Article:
Neuroepigenetic mechanisms contribute to neuronal cell differentiation, brain development, and the regulation of synaptic activity. We are particularly interested in neuroepigenetic mechanisms underlying the stress response and sensory function. We follow a multi-level approach, studying short and long-term changes in DNA methylation patterns, mRNA expression, and histone modifications within and across different brain regions involved in HPA axis regulation, sensory pathways, and other phsysiological feedback mechanisms. According to our dual-activation hypothesis, the combined neural activity and hormonal stress response primes the epigenome for functional modifications in these systems. 

Associated Projects

SENSeD: Stress effects on neuroepigenetic mechanisms of sensory development

According to our dual-activation hypothesis, early life stress affects long-term stress responsivity and, at the same time, impacts developmental pathways of a variety of physiological systems and neural networks. In SENSeD, we assess epigenetic programming of the HPA axis and downstream effects of developmental trajectories of sensory networks (model organism: Gallus gallus f. domestica). 


Impact of early hatching conditions on epigenetic regulation of stress-related genes in Gallus gallus f. domestica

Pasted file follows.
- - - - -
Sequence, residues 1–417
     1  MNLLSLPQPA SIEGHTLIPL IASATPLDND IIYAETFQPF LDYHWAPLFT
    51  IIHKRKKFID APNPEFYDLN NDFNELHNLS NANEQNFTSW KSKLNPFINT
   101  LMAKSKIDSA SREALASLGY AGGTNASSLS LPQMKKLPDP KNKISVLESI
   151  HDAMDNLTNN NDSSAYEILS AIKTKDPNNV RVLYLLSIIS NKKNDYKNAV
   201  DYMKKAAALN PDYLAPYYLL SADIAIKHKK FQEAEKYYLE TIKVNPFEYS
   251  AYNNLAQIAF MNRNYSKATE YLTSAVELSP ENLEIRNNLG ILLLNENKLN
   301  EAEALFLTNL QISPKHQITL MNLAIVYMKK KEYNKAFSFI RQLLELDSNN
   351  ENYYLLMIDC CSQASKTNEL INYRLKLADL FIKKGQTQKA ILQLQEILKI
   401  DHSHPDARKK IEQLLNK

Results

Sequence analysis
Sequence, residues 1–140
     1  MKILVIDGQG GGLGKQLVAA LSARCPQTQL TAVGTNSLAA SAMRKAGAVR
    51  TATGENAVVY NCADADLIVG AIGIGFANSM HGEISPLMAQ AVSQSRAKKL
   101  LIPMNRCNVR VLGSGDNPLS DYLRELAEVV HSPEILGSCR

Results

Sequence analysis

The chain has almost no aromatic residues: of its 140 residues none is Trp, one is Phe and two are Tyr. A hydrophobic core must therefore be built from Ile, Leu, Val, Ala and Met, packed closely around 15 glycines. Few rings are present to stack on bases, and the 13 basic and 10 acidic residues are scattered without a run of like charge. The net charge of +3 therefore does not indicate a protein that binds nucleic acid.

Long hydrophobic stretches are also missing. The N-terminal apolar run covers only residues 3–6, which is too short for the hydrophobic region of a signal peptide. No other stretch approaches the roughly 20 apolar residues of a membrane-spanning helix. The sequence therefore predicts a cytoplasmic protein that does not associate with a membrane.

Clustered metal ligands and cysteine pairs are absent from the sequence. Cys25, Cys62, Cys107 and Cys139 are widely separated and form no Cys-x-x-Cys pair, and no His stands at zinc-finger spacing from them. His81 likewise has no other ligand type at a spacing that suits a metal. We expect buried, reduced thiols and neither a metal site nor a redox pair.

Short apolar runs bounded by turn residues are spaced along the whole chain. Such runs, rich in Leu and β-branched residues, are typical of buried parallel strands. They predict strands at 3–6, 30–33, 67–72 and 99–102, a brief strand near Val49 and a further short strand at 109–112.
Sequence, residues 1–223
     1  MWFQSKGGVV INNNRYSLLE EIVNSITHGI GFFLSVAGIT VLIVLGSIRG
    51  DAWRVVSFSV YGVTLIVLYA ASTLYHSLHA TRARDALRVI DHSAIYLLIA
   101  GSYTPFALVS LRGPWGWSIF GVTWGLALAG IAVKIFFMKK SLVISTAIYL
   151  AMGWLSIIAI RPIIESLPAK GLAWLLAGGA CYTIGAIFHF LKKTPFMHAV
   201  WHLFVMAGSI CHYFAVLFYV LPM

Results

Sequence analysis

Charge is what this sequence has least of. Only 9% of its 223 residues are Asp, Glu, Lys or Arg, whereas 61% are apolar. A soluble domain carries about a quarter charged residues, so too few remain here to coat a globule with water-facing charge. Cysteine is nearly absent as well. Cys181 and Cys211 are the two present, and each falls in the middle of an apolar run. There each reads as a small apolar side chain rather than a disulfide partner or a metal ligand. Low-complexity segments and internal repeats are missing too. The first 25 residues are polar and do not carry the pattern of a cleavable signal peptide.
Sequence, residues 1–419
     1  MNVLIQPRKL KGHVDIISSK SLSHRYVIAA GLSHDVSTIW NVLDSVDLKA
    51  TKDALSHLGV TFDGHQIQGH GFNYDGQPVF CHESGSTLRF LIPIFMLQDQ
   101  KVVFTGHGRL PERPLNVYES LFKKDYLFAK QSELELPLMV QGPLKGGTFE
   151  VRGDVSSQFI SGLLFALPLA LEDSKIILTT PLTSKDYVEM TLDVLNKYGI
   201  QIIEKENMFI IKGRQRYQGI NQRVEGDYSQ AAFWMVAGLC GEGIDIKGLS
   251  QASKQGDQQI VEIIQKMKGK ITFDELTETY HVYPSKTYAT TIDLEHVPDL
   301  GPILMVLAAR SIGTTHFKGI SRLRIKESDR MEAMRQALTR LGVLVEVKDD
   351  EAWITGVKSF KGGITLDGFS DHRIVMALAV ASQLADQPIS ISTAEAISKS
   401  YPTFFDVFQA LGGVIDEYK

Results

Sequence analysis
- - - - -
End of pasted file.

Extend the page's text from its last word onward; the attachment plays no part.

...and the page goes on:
In this study, we compare differences in gene expression and DNA methylation patterns of stress related genes in brain tissue across two hatching conditions (on farm hatching vs. hatching at a commercial breeder and transport to farm) in a commercial chicken breed. The aim of the study is to further elucidate programming effects of the stress response and to improve animal welfare. 

Collaborator Dr. Rebecca Nordquist (Utrecht University)


Long-term effects of perinatal temperature stimulation on mRNA expression of regulatory neuropeptides neuropeptide Y (NPY) and proopiomelanocortin (POMC) in the hypothalamus (model organism: Gallus gallus f. domestica)

Perinatal temperature stimulation has shown to increase environmental plasticity in chicken. In this study, we specifically assess changes in the central regulation of the energy metabolism using hypothalamic NPY and POMC mRNA expression as biomarkers. 

Collaborator PD Dr. Barbara Tzschentke (HU Berlin)


Contact Dr. Vanessa Lux


Associated Publications

Lux, V. (2018). Epigenetic Programming Effects of Early Life Stress: A Dual-Activation Hypothesis. Current Genomics 19: 638-652.

Lux, V. (2013). With Gottlieb beyond Gottlieb: The role of epigenetics in psychobiological development. International Journal of Developmental Science 7(2): 69-78.